Name: Tom McNeil
Political Party: Labour Party
In 50 words why should the people of Meriden vote for you?
Because I will always prioritise the health and education of Meriden’s constituents while ensuring that Labour fights for a good Brexit – a deal that protects our economy and balances people’s concerns over British sovereignty and immigration.
In 50 words what do you believe is the key issue in the borough you will fight for?
Under the Conservative Government schools in Meriden will each face cuts of between £64,668 and £1,166,109 annually by 2019, meaning larger classes, fewer teachers and overworked staff. I would fight for increased funding, because investing in our young people makes long-term economic sense.
How would you do that and how would you find the money?
In recent times, the Conservative Government has prioritised cutting taxes for the wealthiest: income tax for people earning over £150,000, capital gains tax, inheritance tax and corporation tax. They have also failed to tackle large-scale tax avoidance.
Overturning this would be a start. More importantly, failure to invest in education now will cost us so much more in the future – large class sizes and overstretched teachers will not be able to help shape the minds of our young people. Trying to save a penny today will mean we don’t have the future scientists and engineers that our country needs to compete on the world stage.
Brexit negotiations are a key issue for many voters – in 100 words, give us your views on it:
Labour accepts Brexit and that it will go ahead. It also accepts that people need to feel heard over their concerns around British sovereignty and immigration rules. I campaigned to remain in the EU but I have to accept that the vote didn’t go the way I wanted. Now my priority is to oppose a Hard Brexit, which would significantly damage our economy – it would be much harder to trade with our major trading partners and allies, meaning lower tax revenues from businesses and reduced funding for our schools and hospitals. I promise to fight for the best deal possible.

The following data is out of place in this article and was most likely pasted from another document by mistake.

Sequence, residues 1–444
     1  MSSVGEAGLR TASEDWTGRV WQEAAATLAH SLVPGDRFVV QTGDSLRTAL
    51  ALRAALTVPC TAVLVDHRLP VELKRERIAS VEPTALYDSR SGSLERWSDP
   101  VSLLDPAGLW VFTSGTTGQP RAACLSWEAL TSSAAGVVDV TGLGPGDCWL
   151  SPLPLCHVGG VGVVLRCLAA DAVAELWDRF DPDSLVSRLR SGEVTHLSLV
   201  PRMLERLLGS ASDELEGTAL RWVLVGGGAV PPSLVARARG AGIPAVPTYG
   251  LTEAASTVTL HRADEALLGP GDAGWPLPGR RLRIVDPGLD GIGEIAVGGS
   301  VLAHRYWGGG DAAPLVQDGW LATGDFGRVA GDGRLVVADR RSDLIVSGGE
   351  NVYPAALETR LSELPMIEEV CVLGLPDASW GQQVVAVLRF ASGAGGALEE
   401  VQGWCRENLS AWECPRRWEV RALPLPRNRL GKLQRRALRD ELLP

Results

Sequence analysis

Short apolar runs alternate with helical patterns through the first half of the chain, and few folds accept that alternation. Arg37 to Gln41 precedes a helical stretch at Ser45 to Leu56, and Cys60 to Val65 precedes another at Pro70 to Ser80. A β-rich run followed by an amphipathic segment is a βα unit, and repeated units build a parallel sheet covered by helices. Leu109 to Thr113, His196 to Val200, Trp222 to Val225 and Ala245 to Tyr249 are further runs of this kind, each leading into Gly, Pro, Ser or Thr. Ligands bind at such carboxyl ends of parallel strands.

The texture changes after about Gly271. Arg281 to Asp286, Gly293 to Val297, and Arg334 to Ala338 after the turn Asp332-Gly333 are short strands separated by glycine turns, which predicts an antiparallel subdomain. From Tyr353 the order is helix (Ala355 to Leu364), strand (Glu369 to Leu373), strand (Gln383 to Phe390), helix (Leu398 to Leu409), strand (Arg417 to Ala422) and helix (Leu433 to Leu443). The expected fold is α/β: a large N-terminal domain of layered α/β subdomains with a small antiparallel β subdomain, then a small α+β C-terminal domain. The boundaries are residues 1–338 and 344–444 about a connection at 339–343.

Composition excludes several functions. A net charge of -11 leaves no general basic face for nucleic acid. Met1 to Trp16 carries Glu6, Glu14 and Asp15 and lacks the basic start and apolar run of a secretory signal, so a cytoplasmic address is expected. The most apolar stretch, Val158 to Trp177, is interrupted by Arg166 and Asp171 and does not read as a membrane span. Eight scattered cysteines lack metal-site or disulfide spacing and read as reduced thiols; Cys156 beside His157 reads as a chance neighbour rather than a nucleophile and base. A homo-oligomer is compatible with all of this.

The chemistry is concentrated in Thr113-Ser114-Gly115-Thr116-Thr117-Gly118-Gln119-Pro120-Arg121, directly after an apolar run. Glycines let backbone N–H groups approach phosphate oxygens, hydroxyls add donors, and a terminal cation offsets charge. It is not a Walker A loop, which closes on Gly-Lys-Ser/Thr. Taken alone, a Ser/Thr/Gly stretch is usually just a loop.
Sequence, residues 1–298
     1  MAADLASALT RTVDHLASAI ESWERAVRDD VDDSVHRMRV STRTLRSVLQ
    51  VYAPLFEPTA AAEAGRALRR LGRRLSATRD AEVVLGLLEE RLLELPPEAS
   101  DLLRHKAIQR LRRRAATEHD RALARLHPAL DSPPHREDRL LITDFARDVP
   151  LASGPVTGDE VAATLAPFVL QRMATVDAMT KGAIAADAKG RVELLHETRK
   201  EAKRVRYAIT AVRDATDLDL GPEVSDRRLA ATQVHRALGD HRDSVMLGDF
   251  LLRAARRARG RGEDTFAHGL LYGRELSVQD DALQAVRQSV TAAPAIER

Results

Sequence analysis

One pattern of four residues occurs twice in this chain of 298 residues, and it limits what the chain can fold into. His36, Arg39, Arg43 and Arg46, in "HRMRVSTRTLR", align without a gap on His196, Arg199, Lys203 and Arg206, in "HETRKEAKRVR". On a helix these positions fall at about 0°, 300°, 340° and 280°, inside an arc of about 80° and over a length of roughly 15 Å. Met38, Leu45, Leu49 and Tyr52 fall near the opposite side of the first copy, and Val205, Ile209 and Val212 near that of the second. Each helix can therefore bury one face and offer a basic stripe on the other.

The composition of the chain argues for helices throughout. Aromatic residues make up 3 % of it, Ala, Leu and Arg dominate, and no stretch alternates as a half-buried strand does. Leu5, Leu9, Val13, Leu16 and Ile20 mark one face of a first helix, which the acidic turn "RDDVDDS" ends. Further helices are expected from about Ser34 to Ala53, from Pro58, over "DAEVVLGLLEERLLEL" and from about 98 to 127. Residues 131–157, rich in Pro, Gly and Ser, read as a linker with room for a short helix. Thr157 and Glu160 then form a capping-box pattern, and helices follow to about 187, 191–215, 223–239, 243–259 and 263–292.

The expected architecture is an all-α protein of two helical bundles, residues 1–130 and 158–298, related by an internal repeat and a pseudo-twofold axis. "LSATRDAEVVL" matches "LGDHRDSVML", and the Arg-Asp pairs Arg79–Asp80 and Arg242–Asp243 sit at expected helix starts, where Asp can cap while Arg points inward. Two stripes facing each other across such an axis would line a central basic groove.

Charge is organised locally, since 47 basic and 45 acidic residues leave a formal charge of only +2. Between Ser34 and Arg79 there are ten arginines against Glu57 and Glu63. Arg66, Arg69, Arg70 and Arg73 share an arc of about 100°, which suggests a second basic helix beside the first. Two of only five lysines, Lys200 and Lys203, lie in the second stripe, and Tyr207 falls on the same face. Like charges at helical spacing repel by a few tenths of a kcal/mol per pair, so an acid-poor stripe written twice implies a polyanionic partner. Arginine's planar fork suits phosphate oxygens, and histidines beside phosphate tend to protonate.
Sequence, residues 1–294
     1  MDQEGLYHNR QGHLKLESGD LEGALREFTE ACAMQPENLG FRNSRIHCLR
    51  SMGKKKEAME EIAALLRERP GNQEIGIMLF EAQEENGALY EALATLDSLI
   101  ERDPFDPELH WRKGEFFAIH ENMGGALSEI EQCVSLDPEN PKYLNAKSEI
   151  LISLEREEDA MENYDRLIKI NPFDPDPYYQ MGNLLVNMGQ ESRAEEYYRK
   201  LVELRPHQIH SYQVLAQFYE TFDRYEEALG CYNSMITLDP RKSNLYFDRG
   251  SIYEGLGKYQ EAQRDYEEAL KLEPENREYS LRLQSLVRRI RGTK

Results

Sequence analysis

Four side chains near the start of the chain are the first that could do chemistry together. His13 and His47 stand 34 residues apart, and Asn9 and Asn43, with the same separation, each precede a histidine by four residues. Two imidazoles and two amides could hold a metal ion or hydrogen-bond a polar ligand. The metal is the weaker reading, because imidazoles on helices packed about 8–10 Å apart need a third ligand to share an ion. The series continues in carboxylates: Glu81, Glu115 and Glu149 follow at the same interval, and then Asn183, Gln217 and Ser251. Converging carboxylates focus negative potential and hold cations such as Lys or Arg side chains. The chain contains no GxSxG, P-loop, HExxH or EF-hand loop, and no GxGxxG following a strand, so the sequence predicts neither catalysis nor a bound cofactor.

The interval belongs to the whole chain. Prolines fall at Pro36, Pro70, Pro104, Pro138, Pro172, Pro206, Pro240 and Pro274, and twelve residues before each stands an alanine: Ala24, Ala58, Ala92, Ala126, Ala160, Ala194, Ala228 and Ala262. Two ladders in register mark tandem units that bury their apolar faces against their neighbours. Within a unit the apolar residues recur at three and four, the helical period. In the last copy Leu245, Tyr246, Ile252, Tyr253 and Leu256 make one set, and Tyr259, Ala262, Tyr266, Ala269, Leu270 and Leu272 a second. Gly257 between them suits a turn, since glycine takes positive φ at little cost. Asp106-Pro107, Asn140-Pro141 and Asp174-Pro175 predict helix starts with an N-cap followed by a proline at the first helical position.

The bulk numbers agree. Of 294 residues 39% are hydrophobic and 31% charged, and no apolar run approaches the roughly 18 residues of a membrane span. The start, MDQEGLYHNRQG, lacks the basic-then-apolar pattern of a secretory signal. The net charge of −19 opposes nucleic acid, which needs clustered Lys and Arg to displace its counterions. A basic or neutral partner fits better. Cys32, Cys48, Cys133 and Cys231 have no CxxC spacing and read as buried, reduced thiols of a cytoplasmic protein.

What are your views on the state of the healthcare in the borough and what would you do to change it if you believe it needs changing?
The argument made by the Conservative Government that there simply isn’t the money to support the NHS doesn’t stack up. Aside from the reasons I set out above for how we can save our schools from financial collapse, the UK seriously under-invests in healthcare when compared to many other developed countries in the world, including the USA, Japan, France and Germany. This points towards under-funding. It is no surprise that the Heart of England NHS Foundation Trust has suffered significant financial difficulties in recent times, given the failure to plug the funding gaps. This has also resulted in unnecessary costs such as on locum staff and a threat to service cuts. If elected, I would call for increased funding, alongside a programme to take more preventative measures around issue such as diabetes and mental health difficulties. Without proper funding, we let ill health cost us in other ways, such as people’s inability to work and contribute to the economy, and the costs of treatment for illnesses that could have been avoided if, for example, GPs could afford to be more accessible.
What is your favourite hobby/interest?